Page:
Due to ongoing updates regarding the impact of COVID-19 on the construction industry, and in an effort to bring more certainty to your business and employees during this uncertain time, Johnston Allison Hord wishes to remind clients of two important points of interest:
You and your construction business work too hard to not get paid, regardless of COVID-19
While construction remains an “essential business” per the recent state and local orders, some contractors are beginning to report owner suspension/cancellation of ongoing construction projects due to COVID-19. It is possible that, even when the existing restrictive orders are lifted, suspensions or cancellations will continue to happen. Given the uncertainty surrounding how long any sort of suspension could last, and in addition to the other measures, it is important that construction professionals remain aware of the time limits for filing, perfecting, and enforcing mechanics’ lien rights in North Carolina.
As a general rule, one who furnishes labor, materials, or equipment for the improvement of real property located in North Carolina has 120 days from their last date of furnishing of such items/services to file a Claim of Lien on the improved real property. Running concurrently with this 120-day deadline is the 180-day deadline to file a lawsuit to enforce the Claim of Lien on the improved real property – this deadline is also measured from the last date of furnishing. For subcontractors, note that the Lien upon Funds is not limited to the 120 days, but we suggest the sooner a Lien upon Funds is served, the more dramatic its impact (there is an advantage to file/serve early, notwithstanding noted deadlines). Of equal importance (if not possibly greater, at this moment) – is making sure that appropriate “Notice to Lien Agent” has been given, in light of recent COVID-19-directed changes to the Clerks’ indexing processes, as well as the increased likelihood for project refinancings due to the economic impact of the virus.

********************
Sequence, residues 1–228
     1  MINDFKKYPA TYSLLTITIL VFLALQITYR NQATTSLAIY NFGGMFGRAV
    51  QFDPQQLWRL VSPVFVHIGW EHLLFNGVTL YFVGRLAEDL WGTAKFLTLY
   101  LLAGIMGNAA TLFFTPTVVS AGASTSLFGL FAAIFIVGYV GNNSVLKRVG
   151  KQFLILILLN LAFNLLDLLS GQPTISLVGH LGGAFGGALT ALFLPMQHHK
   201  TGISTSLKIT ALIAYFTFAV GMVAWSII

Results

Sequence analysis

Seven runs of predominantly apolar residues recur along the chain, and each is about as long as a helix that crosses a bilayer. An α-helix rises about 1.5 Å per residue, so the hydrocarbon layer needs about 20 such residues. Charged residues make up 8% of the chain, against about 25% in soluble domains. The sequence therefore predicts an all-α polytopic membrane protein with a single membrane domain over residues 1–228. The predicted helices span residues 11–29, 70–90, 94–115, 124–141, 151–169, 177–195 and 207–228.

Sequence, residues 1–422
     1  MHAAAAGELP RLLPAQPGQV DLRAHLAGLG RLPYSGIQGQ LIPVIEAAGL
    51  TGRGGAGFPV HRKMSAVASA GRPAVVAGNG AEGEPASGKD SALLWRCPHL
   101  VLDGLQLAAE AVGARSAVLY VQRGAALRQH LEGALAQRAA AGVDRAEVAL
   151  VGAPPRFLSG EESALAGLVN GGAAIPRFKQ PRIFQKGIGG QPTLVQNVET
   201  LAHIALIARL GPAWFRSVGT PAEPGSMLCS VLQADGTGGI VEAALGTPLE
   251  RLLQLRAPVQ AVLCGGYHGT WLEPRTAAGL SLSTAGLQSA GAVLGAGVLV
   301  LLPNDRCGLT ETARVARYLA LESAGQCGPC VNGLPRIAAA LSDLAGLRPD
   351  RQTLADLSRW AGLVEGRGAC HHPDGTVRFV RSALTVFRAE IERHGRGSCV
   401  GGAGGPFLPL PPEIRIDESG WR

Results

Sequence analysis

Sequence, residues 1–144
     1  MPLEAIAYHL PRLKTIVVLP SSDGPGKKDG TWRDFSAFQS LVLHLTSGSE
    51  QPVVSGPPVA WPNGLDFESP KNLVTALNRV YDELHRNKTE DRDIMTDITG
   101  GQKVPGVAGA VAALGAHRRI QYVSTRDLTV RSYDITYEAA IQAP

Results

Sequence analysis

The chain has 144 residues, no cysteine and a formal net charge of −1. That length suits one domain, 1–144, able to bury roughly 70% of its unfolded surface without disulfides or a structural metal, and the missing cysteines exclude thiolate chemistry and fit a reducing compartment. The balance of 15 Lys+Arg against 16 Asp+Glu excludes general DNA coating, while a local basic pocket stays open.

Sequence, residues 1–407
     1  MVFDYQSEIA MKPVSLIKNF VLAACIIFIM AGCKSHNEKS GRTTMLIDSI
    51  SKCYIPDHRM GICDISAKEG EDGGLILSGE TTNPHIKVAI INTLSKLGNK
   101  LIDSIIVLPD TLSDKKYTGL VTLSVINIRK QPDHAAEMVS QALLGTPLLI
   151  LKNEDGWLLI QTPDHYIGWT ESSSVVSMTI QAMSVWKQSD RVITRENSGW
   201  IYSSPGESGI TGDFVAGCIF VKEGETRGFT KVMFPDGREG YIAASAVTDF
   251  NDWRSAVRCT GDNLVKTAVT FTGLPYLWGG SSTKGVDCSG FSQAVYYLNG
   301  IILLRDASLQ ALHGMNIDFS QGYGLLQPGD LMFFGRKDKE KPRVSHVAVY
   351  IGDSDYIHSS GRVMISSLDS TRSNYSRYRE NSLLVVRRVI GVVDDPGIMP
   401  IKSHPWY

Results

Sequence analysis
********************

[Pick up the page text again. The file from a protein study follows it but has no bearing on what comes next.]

For South Carolina projects, our firm’s attorneys licensed there indicate that the deadline for both filing AND serving a Claim of Lien is only 90 days from a contractor’s last date of furnishing. This means the deadline is even shorter in South Carolina, and therefore requires even more lead time for our firm to protect and preserve lien rights.
Knowing What Your Contracts Say is Key to Preserving Claims for Payment and Time
On a related note, the fact that projects are now being or may be suspended or cancelled makes it more important to review all active contracts in order to know what rights and duties exist surrounding potential extensions of time. In the event of a project shutdown – particularly an owner-driven shutdown – it is critical that written notice be given upstream for an extension of time BEFORE demobilizing and as an immediate response to any work stoppage. Ideally, this notice would include requests both for time and compensation, though the end result may be only that additional time is given. Regardless, this keeps the record straight as to schedule impacts caused by the virus and minimizes the risk in which you might be held accountable for any such delays. JAH is staffed and ready to review contracts, notices, or other similar documents in an effort to maximize your chances to obtain viable extensions – and hopefully compensable ones, too.
If you have questions about lien rights, bond rights, delay claims, contract provisions, or any other impacts COVID-19 may be having on your construction business, reach out to any member of our Construction Practice listed below. JAH is here to help you through these challenging times.
Please note that the above JAH article does not constitute legal advice nor does it create an attorney-client relationship. Should you be in need of legal services regarding a particular matter, please reach out directly to one of our attorneys. Click here for our full website disclaimer.